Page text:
373R: Wizard with a floating kettle

I read a book in the 1980s, or possibly even very early 1990s, but the book may have been published long before then. All I remember about it is that there is a scene where a tea kettle is hovering behind a wizard, and the wizard says something about it keeping the water “just at the boil”. I think the character who stumbles upon this wizard becomes his apprentice, or the two travel together, or something, and I believe the sorcerer/wizard/whatever he was is in a clearing in a forest. Formulaic, I know, could be describing a hundred fantasy books – except for that teapot that is consistently at the boiling point! Help?

2 thoughts on “373R: Wizard with a floating kettle

  1. Amanda

    A kettle like this belonged to the wizard Carolinus in The Dragon and the George series. Jim Eckert, who is projected from our world into the mind of a dragon in the first book (and stays in the world with his wife Angie) eventually becomes Carolinius’s apprentice at some point. The tea kettle is featured heavily in the opening of The Dragon at War:

    The copper tea kettle skittered at its magic-given top speed through the woodland track. It had already polished its bottom shiny on the alternate turf and bare earth it skidded across. Its owner, the AAA+ magician S. Carolinus, had once, many years ago, commanded it always to be three-quarters full of water for tea; and to have that water on the boil. In spite of its mission, it was faithfully three-quarters full and on the boil, now.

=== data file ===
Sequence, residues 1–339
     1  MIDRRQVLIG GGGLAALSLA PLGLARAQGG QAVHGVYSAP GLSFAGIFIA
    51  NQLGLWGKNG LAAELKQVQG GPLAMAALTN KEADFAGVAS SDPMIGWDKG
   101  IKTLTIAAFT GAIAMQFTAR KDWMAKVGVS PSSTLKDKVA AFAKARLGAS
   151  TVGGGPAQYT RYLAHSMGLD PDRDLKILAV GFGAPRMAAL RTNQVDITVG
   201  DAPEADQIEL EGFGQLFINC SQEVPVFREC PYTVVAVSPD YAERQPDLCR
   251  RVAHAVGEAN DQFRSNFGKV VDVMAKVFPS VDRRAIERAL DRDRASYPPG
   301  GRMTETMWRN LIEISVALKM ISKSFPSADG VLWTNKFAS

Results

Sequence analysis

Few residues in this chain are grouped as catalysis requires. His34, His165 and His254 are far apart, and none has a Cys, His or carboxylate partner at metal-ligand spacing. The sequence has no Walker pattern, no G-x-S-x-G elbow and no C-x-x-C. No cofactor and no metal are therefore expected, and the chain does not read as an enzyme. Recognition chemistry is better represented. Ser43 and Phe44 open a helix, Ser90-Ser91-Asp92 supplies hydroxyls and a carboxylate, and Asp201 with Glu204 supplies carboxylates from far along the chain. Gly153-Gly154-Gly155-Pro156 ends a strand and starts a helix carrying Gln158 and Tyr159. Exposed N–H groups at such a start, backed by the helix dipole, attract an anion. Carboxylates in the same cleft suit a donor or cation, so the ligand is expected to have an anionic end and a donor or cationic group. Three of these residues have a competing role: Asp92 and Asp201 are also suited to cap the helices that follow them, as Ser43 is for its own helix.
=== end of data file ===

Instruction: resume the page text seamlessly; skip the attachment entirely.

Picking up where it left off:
“On the boil,” in Carolinus’s terms, meant that the kettle water was just below the boiling point; so that Carolinus could have his cup of tea when he wanted it, night or day.

    1. Tess

      Oh, how I wish that was it! But, no. Believe it or not, there’s another wizard out there with the same tea-kettle requirement. I did read these books, though, and they’re good – just not the one I’m looking for. The sorcerer in my story is in a clearing in the woods, and the teakettle follows him around. There’s a dialog between the wizard and the apprentice-to-be about the kettle, in which the wizard explains why “just at the boil” is the proper temperature for tea. I do think the book I’m thinking of came out before 1990, too.
      Thank you so much for responding!


Leave a Reply

Your email address will not be published.